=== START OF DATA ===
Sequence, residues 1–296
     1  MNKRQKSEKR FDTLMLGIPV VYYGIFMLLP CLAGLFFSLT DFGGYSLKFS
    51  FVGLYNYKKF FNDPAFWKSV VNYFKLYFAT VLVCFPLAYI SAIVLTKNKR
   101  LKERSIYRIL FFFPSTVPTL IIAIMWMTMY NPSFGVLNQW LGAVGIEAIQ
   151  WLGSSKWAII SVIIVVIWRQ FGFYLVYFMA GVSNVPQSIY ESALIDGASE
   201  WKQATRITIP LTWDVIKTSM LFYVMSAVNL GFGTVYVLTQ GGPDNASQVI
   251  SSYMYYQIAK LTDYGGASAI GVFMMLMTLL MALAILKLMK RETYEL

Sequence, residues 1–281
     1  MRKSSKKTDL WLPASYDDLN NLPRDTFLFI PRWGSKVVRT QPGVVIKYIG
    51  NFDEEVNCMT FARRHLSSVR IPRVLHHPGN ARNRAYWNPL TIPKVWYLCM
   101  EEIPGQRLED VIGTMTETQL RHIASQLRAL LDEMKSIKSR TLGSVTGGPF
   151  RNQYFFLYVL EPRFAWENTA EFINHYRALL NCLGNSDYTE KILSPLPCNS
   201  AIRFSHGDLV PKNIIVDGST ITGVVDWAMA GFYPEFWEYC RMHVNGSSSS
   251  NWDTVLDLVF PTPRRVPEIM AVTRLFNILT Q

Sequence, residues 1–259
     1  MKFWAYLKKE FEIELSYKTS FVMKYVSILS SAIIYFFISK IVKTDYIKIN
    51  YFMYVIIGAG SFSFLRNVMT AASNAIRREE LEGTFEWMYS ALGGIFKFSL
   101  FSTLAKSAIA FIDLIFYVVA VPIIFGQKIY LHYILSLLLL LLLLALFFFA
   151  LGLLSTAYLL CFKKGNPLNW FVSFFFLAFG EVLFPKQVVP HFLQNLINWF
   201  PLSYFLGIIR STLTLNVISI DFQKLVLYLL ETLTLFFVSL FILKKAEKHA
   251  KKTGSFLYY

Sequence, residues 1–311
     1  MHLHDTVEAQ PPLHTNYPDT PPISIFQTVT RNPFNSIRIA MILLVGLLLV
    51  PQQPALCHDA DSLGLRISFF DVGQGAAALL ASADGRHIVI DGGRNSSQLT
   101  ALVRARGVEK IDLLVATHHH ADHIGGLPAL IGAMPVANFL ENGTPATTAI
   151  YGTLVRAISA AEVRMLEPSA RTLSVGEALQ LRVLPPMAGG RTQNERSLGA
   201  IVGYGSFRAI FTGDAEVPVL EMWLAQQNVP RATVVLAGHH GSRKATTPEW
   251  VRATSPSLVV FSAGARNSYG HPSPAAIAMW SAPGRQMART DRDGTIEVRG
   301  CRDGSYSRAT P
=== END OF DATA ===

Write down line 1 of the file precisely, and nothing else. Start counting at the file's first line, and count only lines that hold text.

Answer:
Sequence, residues 1–296